in Christ s priestly prophetic and royal office in their own manner they are called to exercise the mission which God has entrusted to the Church There exists a true equality among them in their dignity as children of God Compendium 177 Christ instituted the ecclesiastical hierarchy with the mission of making him present among the faithful by the celebration of the sacraments and the preaching of the word of God carried out with the authority and mandate received from him The members of the hierarchy also receive the task of governing the People of God cf Mt 28 18 20 The hierarchy is made up of the sacred ministers bishops presbyters and deacons The ministry of the Church has a collegial character as well as a personal one since the sacred ministers act in communion with one another as well as in a personal way to serve the communion of the faithful The bishops have received the task of teaching as authentic witnesses of the apostolic faith of sanctifying by dispensing the grace of Christ in the ministry of the word and the sacraments in particular the Eucharist and of governing the People of God on earth cf Compendium 184 186 and ff Every bishop exercises his ministry as a member of the episcopal college which succeeds the apostolic college and in union with its head the Pope together with the other bishops he shares with him in the care of the universal Church Every bishop moreover has usually been entrusted with a particular Church which he governs in the name of Christ and with the authority he has received in communion with the entire Church and under the Holy Father cf Compendium 187 The episcopal ministry also has a personal character insofar as each bishop is responsible before Christ who has called him personally and conferred on him his mission when receiving the fullness of the sacrament of Holy Orders cf Compendium 181 The Pope is the Bishop of Rome and Successor of Saint Peter he is the perpetual and visible source and foundation of the Church s unity He is the Vicar of Christ the head of the College of bishops and pastor of the universal Church over which he has by divine institution full supreme immediate and universal power The College of bishops in communion with the Pope and never without him also exercises supreme and full power over the Church Christ promised that his Church would always preserve the faith cf Mt 16 19 and he guarantees it with his presence by the power of the Holy Spirit This property of always adhering to the faith in its fulness is possessed by the Church in her totality not by every member The faithful as a whole should adhere indefectibly to the faith under the guidance of the living Magisterium of the Church under the action of the Holy Spirit This divine assistance has been given to the Magisterium precisely so it might faithfully and authentically

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  • Topic 16: I Believe in the Resurrection of the Body and Life Everlasting - Opus Dei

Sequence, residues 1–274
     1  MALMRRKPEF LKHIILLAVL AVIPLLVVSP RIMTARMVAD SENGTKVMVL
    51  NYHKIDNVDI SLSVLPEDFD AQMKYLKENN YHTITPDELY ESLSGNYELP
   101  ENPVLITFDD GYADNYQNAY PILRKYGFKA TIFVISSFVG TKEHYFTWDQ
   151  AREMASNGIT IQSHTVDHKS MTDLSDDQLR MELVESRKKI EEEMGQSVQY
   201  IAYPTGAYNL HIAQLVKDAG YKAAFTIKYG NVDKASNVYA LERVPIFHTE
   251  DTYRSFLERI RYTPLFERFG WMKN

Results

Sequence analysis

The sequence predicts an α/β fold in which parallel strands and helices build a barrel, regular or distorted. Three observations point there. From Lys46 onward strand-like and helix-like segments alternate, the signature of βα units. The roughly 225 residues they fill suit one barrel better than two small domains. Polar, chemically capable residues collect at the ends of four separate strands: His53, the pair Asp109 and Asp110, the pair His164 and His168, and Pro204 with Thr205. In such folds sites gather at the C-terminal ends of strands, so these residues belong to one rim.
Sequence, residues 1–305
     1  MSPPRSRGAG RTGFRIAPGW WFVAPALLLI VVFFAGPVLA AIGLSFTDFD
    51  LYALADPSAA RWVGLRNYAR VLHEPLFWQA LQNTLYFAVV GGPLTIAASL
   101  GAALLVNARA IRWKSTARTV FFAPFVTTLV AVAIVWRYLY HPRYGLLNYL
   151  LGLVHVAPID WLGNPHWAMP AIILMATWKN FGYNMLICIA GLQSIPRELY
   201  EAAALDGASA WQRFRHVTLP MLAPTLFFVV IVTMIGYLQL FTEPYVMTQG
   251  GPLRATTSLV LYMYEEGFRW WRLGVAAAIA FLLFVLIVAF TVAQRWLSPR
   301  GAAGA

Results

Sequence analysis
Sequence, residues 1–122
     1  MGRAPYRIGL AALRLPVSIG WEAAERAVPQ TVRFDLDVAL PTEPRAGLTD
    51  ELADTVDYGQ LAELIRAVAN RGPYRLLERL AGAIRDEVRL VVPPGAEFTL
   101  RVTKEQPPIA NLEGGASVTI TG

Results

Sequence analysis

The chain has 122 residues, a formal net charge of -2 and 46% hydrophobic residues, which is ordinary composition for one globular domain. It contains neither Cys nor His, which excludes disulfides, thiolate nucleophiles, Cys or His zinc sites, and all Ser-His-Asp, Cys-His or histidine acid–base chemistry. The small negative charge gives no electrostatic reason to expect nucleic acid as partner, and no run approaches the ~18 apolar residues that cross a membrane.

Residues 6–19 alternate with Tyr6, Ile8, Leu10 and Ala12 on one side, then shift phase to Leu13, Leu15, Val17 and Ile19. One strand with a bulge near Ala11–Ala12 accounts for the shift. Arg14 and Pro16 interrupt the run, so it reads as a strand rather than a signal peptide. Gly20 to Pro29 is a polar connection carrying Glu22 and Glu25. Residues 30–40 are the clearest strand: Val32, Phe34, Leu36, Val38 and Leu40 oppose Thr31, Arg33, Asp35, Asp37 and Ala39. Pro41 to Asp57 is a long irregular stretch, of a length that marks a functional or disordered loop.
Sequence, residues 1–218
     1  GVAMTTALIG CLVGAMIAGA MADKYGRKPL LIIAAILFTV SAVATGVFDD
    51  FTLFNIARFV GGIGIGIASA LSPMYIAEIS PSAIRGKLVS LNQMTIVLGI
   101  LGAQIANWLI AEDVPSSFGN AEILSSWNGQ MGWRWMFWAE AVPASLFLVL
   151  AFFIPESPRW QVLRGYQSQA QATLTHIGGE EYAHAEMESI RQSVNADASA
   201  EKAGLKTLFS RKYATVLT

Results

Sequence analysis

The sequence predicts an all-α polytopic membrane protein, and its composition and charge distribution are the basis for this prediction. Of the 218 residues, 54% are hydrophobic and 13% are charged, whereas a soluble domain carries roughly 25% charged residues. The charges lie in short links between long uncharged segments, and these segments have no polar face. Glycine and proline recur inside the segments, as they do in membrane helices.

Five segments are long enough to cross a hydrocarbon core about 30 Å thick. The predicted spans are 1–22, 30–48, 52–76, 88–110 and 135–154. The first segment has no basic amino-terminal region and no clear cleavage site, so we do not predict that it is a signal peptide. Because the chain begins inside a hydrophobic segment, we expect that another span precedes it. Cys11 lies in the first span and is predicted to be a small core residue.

It is no longer possible to repent Immediately after death the person goes to heaven hell or purgatory For this to happen there exists what the Church calls the particular judgement cf CCC 1021 1022 The fact that death marks the limit of the period of trial gives us the opportunity to put our life in order to make good use of our time and talents to act uprightly and serve others On the other hand Holy Scripture teaches us that death has come into the world through original sin cf Gen 3 17 19 Wis 1 13 14 2 23 24 Rom 5 12 6 23 CCC 1007 In this sense it must be regarded as a punishment for sin someone who wants to live separated from God must accept the disagreeable consequences of rupture with society and with oneself However Christ faced death in an act of complete and free submission to his Father s will CCC 1009 By his obedience he conquered death and won resurrection for humanity For the one who lives in Christ through Baptism death continues to be painful and abhorrent but it is no longer a vivid reminder of sin for is becomes a valuable opportunity to co redeem with Christ through mortification and self giving to others If we die with Christ we shall also live with him 2 Tim 2 11 3 Eternal life in intimate communion with God In creating and redeeming us God has destined us to eternal communion with himself to what St John calls eternal life or what is commonly called heaven Jesus communicated the Father s promise to his followers in these words well done good and faithful servant Because you have been good and faithful over small things enter into the joy of your Lord Mt 25 21 Eternal life should not be seen as a continuous succession of days of the calendar but rather as a moment full of satisfaction in which totality embraces us and we embrace totality It will be the moment to submerge ourselves in oceans of limitless love in which time the before and after no longer exists We can only try to think that this moment is life in its fullest sense submerging ourselves ever anew in immeasurable being at the same time as we are simply overwhelmed with joy 5 Eternal life is what gives meaning to human life to observing ethical norms to generous self giving and unselfish service and to the effort to communicate Christ s teaching and love to all men and women A Christian s hope in reaching heaven is not individualist but encompasses every other person 6 Thus a Christian can be totally convinced that it is worthwhile to live a fully Christian life Heaven is the ultimate end and the fulfilment of the deepest human longings the state of supreme and definitive blessedness CCC 1024 As St Augustine said in his Confessions You have made us for yourself Lord and our heart is restless until it rests in you 7 Eternal life is the main goal of Christian hope Those who die in God s grace and friendship and are perfectly purified live for ever with Christ They are like God for ever for they see him as he is 1 Jn 3 2 that is face to face 1 Cor 13 12 CCC 1023 Theology has called this state the beatific vision Because of his transcendence God cannot be seen as he is unless he himself opens up the mystery to man s immediate contemplation and gives him the capacity for it CCC 1028 Heaven is the maximum expression of divine grace On the other hand heaven does not consist in a purely abstract immobile contemplation of the Blessed Trinity In God souls can contemplate all realities that in one way or another refer to their life rejoicing in them and in particular loving those they have loved on earth with a pure and everlasting love Never forget after death you will receive Love And in God s love you will find in addition all the clean loves that you have had on earth 8 The joy of heaven comes to its full culmination with the resurrection of the dead According to St Augustine eternal life consists in eternal rest and in a pleasant and supreme activity 9 That heaven lasts forever does not mean that we cease to be free there In heaven we are unable to sin because in seeing God face to face seeing him also as the living source of all created good it is no longer possible to want to sin Freely and filially the saved person will be in communion with God for ever Our freedom has reached its fulfilment Eternal life is the definitive fruit of God s self giving to man and therefore it has something of infinity about it Nevertheless divine grace does not eliminate human nature neither in our being or our faculties or in our personality or in what we have merited in life Hence among those who rejoice in the vision of God there is distinction and diversity not in the object which is God himself contemplated without intermediaries but rather in the quality of the subject the one who has more charity partakes more in the light of glory sees God more perfectly and will be happy 10 4 Hell as a definitive rejection of God Holy Scripture teaches repeatedly that men who do not repent of their grave sins lose the eternal prize of communion with God suffering perpetual misery To die in mortal sin without repenting and accepting God s merciful love means remaining separated from him for ever by our own free choice This state of self exclusion from communion with God and with the blessed is called hell CCC 1033 God does not predestine anyone to perpetual condemnation it is a man himself who by seeking his ultimate goal outside of God and his